67 U.S. 524
2 Black 524
17 L.Ed. 347
17 L.Ed. 359
December Term, 1862
This case was brought here by appeal from the Circuit Court of the United States for the District of Wisconsin. It was a bill in equity brought by Greene C. Bronson and James A. Soutter trustee, &c., against the La Crosse and Milwaukie Railroad Company, and divers other defendants, creditors of that corporation. The Circuit Court made a decree in favor of the plaintiffs for one-half the amount of their claim, $565,260.05. From this decree the plaintiffs appealed. After the case came here on appeal, the parties made an agreement that the decree of the Court below should be reversed and a decree entered for the whole amount of the claim, that is to say, for a sum twice as large as that found to be due by the Circuit Court. F. P. James, Isaac Seymour, and N. A. Cowdrey moved for leave to intervene in the cause so as to protect their interests. They were creditors of the Railroad Company and purchasers of part of the road, stock and franchises, and alleged that the agreement to increase the amount of the decree was made with the fraudulent intent to injure them. The motions for leave to intervene and to dismiss the appeal, were made at the same time, were founded upon the affidavits of which the substance is given by Mr. Justice Davis, and were argued together.
Mr. Black, of Pennsylvania, in support of the motion.
Mr. Ewing, of Ohio, and Mr. Carlisle, of Washington City, for the appellants.
Mr. Justice DAVIS. F. P. James, Isaac Seymour, and N. A. Cowdrey ask leave to intervene in this cause, and to dismiss the appeal, and predicate their motion on two affidavits of F. P. James.
The first affidavit states substantially that on the 31st of December, 1856, the La Crosse and Milwaukie Railroad Company executed a mortgage on the western division of their road, lying between Portage and La Crosse, to Greene C. Bronson, James A. Soutter, and Shepard Knapp, as trustees, to secure certain bonds, which mortgage was afterwards foreclosed in the District Court of Wisconsin, and the mortgaged property sold, and purchased by the parties asking to intervene; that the same Railroad Company, on the 17th day of August, 1857, executed another mortgage to these complainants, Bronson and Soutter, on the eastern division of their road, lying between Portgage and Milwaukee, to secure certain other bonds; that suit was also brought on said mortage in the District Court of Wisconsin, where a decree was passed on the 13th day of January, 1862, for one-half of the face of the bonds, from which decree an appeal was taken by Bronson and Soutter to this Court; and that the parties to the suit have entered into fraudulent stipulations to reform the decree rendered below, so that the bonds will be paid in full, and that James Cowdrey and Seymour, as purchasers under the first mortgage, will be injured if the decree is thus reformed.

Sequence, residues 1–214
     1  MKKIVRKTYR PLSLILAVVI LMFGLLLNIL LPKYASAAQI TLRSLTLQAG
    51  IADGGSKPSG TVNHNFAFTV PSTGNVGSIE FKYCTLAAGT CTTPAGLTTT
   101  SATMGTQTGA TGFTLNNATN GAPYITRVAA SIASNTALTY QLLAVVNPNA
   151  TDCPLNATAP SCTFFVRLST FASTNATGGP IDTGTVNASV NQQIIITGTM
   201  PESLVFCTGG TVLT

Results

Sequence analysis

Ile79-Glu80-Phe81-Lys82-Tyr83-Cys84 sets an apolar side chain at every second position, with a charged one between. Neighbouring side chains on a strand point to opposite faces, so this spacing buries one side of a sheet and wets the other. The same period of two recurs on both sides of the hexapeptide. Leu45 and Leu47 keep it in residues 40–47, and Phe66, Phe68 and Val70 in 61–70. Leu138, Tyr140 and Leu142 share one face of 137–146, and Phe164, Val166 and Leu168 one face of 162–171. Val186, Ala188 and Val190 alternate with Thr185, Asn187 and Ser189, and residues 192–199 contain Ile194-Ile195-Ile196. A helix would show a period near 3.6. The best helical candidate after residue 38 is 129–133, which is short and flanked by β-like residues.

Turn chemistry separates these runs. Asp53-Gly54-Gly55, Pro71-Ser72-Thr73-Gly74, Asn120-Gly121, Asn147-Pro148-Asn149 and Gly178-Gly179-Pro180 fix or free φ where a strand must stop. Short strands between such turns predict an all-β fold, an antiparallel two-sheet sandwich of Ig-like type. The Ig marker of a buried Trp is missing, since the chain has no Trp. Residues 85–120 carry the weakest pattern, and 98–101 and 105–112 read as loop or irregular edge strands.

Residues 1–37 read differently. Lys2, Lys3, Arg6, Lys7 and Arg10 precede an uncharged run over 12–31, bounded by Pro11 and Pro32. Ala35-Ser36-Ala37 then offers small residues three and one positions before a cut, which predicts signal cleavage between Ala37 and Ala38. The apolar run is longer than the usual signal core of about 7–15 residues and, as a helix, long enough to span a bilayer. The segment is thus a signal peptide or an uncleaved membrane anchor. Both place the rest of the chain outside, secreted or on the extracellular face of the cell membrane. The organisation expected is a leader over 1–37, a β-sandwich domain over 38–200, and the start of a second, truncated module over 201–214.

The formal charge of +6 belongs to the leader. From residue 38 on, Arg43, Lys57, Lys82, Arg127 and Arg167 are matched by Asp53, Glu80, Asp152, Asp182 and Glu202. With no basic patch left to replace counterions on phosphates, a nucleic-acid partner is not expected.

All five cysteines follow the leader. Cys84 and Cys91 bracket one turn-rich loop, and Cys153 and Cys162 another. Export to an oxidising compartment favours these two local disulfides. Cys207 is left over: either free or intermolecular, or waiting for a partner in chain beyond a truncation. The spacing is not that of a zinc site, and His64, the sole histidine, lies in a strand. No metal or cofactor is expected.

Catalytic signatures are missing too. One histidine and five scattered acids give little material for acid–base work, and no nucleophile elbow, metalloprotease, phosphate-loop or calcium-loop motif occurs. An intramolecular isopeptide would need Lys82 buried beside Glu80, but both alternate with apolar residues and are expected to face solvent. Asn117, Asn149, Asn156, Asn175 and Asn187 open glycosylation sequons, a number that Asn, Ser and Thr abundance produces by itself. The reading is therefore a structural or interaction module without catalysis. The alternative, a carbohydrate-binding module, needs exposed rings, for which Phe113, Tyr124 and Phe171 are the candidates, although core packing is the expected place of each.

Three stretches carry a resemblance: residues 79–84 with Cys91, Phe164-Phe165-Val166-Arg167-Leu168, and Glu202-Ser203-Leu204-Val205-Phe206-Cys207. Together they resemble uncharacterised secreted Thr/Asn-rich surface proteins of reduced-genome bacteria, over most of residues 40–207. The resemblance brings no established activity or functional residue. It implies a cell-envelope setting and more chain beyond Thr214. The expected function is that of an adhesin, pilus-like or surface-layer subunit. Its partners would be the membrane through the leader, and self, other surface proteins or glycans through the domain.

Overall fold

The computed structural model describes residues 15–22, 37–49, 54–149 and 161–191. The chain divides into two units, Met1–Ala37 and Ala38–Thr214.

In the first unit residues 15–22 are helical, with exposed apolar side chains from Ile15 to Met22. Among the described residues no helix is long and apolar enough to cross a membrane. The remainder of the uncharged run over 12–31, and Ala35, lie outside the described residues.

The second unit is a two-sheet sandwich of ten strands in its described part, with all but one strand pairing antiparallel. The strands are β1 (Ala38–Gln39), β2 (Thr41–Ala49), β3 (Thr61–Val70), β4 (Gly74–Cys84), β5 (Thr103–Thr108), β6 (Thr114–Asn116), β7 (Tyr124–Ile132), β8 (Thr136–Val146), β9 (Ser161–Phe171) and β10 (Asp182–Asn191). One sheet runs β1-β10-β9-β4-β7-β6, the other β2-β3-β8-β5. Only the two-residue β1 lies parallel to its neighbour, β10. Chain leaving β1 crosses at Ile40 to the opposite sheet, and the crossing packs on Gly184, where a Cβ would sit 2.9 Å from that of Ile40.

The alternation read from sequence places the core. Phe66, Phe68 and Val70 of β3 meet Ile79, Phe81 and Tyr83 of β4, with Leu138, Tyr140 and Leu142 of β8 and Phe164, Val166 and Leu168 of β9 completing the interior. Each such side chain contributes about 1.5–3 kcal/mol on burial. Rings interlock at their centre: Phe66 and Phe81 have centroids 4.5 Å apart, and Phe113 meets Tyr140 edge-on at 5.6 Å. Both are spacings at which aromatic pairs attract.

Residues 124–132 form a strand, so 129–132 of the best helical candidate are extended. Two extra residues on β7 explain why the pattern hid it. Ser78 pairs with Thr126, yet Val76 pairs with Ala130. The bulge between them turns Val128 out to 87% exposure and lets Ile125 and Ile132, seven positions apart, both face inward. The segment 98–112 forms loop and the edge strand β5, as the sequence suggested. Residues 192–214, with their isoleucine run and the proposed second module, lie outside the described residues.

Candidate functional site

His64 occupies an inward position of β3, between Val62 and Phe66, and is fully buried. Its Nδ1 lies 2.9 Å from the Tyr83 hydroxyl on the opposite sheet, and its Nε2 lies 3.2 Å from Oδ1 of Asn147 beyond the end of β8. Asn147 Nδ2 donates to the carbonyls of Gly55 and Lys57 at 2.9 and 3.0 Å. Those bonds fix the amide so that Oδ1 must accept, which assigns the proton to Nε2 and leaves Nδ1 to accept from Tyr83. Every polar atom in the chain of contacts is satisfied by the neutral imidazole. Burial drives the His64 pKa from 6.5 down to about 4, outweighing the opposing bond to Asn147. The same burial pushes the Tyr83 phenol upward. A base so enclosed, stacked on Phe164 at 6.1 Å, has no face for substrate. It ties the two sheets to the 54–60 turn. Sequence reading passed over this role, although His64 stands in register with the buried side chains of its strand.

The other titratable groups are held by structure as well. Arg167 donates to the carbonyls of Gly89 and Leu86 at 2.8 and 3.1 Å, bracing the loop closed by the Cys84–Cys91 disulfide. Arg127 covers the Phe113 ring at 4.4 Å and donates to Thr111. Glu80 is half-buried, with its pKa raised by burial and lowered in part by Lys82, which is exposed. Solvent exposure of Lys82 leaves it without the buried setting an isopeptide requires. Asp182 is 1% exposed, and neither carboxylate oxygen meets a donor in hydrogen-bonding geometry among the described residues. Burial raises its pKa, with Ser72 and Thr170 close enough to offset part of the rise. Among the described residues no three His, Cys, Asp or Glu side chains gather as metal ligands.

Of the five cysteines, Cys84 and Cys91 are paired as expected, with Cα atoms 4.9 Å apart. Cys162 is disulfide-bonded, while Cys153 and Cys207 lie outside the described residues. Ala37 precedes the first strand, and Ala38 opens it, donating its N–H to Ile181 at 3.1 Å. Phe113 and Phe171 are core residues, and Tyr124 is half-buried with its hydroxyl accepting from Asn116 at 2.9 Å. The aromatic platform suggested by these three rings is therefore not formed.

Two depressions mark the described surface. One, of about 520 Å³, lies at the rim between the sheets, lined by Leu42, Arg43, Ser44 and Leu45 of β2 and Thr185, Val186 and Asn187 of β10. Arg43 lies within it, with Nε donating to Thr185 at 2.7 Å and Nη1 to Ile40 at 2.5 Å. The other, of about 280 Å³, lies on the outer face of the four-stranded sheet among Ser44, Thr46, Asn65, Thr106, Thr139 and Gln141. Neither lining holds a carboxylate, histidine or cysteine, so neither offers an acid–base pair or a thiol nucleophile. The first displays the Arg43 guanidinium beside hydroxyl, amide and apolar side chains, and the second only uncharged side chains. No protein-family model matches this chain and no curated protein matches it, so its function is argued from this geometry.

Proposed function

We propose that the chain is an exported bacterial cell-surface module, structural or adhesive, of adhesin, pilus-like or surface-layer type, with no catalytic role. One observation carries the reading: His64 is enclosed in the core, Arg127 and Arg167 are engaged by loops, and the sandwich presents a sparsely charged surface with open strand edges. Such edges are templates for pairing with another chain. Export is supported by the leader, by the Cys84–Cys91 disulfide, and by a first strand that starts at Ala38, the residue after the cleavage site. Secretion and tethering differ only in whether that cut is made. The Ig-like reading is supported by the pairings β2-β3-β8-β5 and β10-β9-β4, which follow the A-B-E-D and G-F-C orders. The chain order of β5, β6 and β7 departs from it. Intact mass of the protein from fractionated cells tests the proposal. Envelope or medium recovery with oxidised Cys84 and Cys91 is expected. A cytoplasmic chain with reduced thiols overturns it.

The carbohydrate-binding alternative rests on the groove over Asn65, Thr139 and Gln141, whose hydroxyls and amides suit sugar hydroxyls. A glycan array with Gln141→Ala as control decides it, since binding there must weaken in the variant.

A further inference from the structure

The second affidavit states that Nathaniel S. Bouton, on the 5th day of April, 1859, recovered a judgment in the same District Court for upwards of $7,000 against the La Crosse and Milwaukie Railroad Company, which judgment was assigned to F. P James & Co., and was a lien when this suit was instituted, and that neither Bouton nor his assignees were notified of the pendency of these proceedings; that there were issued under the mortgage of December 31st, 1856, bonds to the nominal or par value of $4,000,000, the greater portion of which are held by James and his associates in their own right or in trust for others, and that they have by the advice of counsel determined to abandon their purchase and ask for a re-sale of the whole property mortgaged by the deed of December 31st, 1856.
Have James, Seymour, and Cowdrey, a right to intervene in this cause, to make a motion to dismiss this appeal, or for any other purpose? The La Crosse and Milwaukee Railroad is a corporation created by the laws of Wisconsin to build a continuous line of railroad from the City of Milwaukie, on Lake Michigan, to La Crosse on the Mississippi River. Power was given to the Company to mortgage separate portions of their road, and in execution of that power the mortgage of December 31st, 1856, on the western division, and the mortgage of August 17th, 1857, on the eastern division were given. These mortgages were executed to secure specific liens on different parts of the road, and the bondholders evidently relied on these liens alone for their security. Separate suits were brought at different times to foreclose these mortgages, and the parties in one suit were not necessarily parties in the other. The right to intervene as made by the first affidavit rests solely on the ground that James and his associates were purchasers of the western division of the road, which, as they insist, included ‘the personal property, machinery, rolling stock, franchises, rights, and privileges of the entire road.’
This Court cannot in this suit decide whether the construction contended for by these parties as to the extent of their purchase is correct or not. Under the pleadings, no question is or could have been raised as to what property is covered by the mortgage deed. The controversy in the Court below was whether there should be a decree nisi for any amount, and if so how much. The Court in fixing the amount due on the mortgage, estimated the bonds not at par, but at the rate of fifty cents on the dollar, and decreed accordingly, and the complainants below appealed. It is not perceived how the stipulation to reform the decree can affect the right of James & Co., to the claim which they advance. If under their purchase they take the rolling stock and franchises of the whole road, what concern is it to them whether the decree is for $500,000, or $1,000,000?